TED2010

Alan Siegel: Let's simplify legal jargon!

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Tax forms, credit agreements, healthcare legislation: They're crammed with gobbledygook, says Alan Siegel, and incomprehensibly long. He calls for a simple, sensible redesign -- and plain English -- to make legal paperwork intelligible to the rest of us.

- Executive, simplicity guru
A branding expert and one of the leading authorities on business communication, Alan Siegel wants to put plain English into legal documents for government and business. Full bio

So, basically we have public leaders,
00:15
public officials who are out of control;
00:18
they are writing bills that are unintelligible,
00:21
and out of these bills are going to come
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maybe 40,000 pages of regulations, total complexity,
00:25
which has a dramatically negative impact on our life.
00:30
If you're a veteran coming back from Iraq or Vietnam
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you face a blizzard of paperwork to get your benefits;
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if you're trying to get a small business loan,
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you face a blizzard of paperwork.
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What are we going to do about it? I define simplicity
00:45
as a means to achieving clarity,
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transparency and empathy,
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building humanity into communications.
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I've been simplifying things for 30 years.
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I come out of the advertising and design business.
00:58
My focus is understanding you people,
01:01
and how you interact with the government
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to get your benefits,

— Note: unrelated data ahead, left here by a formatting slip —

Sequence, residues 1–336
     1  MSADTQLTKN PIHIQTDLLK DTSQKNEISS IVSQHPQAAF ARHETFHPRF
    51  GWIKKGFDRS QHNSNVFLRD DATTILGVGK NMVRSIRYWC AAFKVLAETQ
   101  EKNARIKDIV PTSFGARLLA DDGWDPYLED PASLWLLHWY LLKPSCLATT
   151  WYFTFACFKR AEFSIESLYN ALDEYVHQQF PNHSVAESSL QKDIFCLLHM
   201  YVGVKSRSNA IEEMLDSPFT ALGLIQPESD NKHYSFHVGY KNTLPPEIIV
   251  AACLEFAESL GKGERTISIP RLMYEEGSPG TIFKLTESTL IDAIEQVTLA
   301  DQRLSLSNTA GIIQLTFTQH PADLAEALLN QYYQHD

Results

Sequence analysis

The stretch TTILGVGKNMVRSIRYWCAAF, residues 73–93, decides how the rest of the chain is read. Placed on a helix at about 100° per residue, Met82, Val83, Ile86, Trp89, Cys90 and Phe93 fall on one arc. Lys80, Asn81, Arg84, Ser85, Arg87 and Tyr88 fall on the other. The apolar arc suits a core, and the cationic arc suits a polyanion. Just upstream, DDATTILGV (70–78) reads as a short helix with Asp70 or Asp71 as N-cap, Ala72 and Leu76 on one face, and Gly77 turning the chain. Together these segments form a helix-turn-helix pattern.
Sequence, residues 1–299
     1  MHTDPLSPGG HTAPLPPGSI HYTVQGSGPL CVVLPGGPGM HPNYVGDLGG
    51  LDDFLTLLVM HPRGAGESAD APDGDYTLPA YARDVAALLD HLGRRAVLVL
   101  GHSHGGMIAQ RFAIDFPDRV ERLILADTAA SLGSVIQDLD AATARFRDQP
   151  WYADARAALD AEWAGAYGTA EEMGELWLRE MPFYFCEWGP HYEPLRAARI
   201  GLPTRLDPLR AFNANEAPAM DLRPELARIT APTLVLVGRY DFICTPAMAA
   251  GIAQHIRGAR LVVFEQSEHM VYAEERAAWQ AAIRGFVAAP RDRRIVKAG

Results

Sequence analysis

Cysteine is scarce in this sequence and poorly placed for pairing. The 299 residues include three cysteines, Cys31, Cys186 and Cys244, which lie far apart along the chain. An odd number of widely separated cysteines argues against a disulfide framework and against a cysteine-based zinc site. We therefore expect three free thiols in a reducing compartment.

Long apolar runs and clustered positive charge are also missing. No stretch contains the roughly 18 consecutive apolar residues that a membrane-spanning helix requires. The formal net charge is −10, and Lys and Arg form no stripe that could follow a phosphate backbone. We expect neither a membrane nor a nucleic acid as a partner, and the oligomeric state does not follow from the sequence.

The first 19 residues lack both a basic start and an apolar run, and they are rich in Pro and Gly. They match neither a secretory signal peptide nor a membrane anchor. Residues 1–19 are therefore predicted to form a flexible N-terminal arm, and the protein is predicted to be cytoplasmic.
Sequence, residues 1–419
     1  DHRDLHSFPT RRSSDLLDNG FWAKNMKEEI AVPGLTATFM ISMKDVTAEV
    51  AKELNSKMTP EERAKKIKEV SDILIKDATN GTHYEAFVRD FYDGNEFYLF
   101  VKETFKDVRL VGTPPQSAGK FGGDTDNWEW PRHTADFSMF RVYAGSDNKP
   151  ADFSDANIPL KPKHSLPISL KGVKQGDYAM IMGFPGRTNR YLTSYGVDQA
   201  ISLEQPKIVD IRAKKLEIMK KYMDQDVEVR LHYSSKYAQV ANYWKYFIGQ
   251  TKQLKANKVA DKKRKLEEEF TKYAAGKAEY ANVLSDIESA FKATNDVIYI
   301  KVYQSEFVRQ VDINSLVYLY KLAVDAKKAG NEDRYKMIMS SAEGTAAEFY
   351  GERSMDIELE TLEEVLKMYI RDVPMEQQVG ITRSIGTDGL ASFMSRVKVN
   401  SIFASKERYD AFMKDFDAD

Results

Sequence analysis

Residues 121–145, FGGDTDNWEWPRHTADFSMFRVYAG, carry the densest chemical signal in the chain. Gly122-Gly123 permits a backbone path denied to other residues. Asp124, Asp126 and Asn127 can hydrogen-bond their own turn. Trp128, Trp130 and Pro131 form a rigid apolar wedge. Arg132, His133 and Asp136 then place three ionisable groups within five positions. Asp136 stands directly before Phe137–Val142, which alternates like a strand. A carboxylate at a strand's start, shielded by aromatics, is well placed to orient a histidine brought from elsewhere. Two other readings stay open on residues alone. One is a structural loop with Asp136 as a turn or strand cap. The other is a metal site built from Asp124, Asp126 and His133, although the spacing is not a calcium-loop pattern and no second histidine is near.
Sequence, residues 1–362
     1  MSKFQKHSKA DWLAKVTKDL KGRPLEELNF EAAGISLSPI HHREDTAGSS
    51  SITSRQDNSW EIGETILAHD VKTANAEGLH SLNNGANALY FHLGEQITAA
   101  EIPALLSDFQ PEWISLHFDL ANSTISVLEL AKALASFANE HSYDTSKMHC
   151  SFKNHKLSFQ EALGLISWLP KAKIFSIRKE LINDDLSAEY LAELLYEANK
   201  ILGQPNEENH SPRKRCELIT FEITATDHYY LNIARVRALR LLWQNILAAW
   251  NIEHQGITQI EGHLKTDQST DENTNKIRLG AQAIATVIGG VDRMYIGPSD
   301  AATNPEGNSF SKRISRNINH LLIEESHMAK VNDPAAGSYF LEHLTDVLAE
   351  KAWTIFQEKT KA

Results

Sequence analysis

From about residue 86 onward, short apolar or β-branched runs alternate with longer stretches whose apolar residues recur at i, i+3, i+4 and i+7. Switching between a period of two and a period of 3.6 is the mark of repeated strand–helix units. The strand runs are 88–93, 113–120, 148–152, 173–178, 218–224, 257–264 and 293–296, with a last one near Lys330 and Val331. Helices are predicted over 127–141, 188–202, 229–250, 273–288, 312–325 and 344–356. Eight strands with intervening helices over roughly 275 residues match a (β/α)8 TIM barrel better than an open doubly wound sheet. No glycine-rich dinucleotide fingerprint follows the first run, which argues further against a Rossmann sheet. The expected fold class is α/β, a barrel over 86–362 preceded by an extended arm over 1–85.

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how you interact with corporations to decide whom you're going to do business with,
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and how you view brands.
01:12
So, very quickly, when President Obama said,
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"I don't see why we can't
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have a one-page, plain English consumer credit agreement."
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So, I locked myself in a room,
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figured out the content,
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organized the document, and wrote it in plain English.
01:30
I've had this checked by the two top
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consumer credit lawyers in the country.
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This is a real thing.
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Now, I went one step further and said,
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"Why do we have to stick with the stodgy lawyers
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and just have a paper document? Let's go online."
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And many people
01:48
might need help in computation.
01:50
Working with the Harvard Business School,
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you'll see this example when you talk about minimum payment:
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If you spent 62 dollars for a meal,
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the longer you take to pay out that loan,
02:01
you see, over a period of time using the minimum payment
02:04
it's 99 dollars and 17 cents.
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How about that? Do you think your bank is going to show that to people?
02:09
But it's going to work. It's more effective
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than just computational aids.
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And what about terms like
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"over the limit"?
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Perhaps a stealth thing.
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Define it in context. Tell people what it means.
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When you put it in plain English,
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you almost force the institution
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to give the people a way, a default out of that,
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and not put themselves at risk.
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Plain English is about
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changing the content.